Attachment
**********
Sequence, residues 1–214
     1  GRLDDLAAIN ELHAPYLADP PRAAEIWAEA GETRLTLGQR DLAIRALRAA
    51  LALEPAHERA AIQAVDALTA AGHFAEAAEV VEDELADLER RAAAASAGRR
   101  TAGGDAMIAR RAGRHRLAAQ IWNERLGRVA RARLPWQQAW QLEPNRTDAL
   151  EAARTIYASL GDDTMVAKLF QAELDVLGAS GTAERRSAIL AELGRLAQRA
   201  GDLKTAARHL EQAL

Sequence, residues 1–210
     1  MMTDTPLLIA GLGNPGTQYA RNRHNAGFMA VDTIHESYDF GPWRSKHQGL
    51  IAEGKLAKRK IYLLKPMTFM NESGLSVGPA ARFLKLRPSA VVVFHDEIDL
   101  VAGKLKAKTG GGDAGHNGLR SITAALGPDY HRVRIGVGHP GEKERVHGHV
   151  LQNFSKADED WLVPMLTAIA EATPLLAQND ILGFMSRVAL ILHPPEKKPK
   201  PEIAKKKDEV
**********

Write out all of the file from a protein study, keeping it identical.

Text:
Sequence, residues 1–214
     1  GRLDDLAAIN ELHAPYLADP PRAAEIWAEA GETRLTLGQR DLAIRALRAA
    51  LALEPAHERA AIQAVDALTA AGHFAEAAEV VEDELADLER RAAAASAGRR
   101  TAGGDAMIAR RAGRHRLAAQ IWNERLGRVA RARLPWQQAW QLEPNRTDAL
   151  EAARTIYASL GDDTMVAKLF QAELDVLGAS GTAERRSAIL AELGRLAQRA
   201  GDLKTAARHL EQAL

Sequence, residues 1–210
     1  MMTDTPLLIA GLGNPGTQYA RNRHNAGFMA VDTIHESYDF GPWRSKHQGL
    51  IAEGKLAKRK IYLLKPMTFM NESGLSVGPA ARFLKLRPSA VVVFHDEIDL
   101  VAGKLKAKTG GGDAGHNGLR SITAALGPDY HRVRIGVGHP GEKERVHGHV
   151  LQNFSKADED WLVPMLTAIA EATPLLAQND ILGFMSRVAL ILHPPEKKPK
   201  PEIAKKKDEV